Peter Schiff
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This week economists, investors and politicians were treated to some of the "best" home price data since the frothy days of 2006 when home loans were given out like cotton candy and condo flipping was a national pastime. The Case-Shiller 20 City Composite Home price index was up a startling 10.9% for the 12 month period ending in March. Prices in all 20 cities were up, with some (Las Vegas, Phoenix, and San Francisco) notching gains of more than 20%. Meanwhile the National Association of Realtors announced that April pending home sales volume reached the highest level in nearly three years.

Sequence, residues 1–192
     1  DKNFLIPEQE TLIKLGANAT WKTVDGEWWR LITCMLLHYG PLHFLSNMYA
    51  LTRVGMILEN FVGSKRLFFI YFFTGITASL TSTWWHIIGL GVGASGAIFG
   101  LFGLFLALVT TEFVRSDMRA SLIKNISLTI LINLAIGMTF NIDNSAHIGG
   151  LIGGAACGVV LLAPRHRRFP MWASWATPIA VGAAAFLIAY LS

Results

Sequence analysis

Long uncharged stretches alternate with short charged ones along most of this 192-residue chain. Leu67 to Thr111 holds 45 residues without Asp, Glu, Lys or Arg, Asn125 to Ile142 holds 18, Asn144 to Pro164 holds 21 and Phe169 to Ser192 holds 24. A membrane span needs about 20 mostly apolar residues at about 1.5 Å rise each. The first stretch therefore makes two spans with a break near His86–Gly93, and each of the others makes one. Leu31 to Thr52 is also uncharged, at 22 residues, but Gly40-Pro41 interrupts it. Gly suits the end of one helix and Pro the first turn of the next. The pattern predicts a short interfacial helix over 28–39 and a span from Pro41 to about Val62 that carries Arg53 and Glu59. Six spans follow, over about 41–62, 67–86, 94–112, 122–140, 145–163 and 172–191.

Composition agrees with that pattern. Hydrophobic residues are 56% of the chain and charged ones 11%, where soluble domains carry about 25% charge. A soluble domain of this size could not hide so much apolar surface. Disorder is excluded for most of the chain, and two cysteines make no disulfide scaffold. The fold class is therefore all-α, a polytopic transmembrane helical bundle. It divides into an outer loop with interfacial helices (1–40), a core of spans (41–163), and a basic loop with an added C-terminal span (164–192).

The strong housing data is taken as proof that the economy has turned around and that a recovery is under way. Cooler heads may simply see how government policies have channeled money into real estate in order to reflate a bubble that has been collapsing for the last five years. Although the money is entering the market through slightly different paths than it did in 2005 and 2006, its effects on housing, and the broader economy, are the same as they were before the bubble burst. When the inevitable happens again, the ensuing damage will be eerily familiar.